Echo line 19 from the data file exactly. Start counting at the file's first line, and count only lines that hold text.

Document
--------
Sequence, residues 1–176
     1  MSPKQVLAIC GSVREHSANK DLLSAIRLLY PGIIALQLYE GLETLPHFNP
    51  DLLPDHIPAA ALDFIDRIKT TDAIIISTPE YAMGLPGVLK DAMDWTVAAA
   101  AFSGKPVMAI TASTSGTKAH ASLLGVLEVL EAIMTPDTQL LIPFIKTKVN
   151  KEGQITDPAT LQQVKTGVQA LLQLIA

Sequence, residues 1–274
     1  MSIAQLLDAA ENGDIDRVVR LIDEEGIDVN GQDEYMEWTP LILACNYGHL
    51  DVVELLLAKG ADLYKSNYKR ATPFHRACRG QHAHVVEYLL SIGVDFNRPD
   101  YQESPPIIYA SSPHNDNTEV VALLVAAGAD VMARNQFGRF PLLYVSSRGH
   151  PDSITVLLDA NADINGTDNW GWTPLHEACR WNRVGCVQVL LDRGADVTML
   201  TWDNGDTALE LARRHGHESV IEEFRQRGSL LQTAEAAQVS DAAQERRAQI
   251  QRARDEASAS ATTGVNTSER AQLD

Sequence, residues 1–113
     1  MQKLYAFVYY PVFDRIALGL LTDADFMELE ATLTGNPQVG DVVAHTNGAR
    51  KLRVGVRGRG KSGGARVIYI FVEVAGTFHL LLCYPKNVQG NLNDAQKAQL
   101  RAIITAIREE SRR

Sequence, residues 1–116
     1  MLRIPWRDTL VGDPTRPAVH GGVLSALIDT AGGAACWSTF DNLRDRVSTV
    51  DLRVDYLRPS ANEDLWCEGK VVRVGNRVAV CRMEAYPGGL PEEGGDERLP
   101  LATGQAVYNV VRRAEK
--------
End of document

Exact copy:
    51  DLRVDYLRPS ANEDLWCEGK VVRVGNRVAV CRMEAYPGGL PEEGGDERLP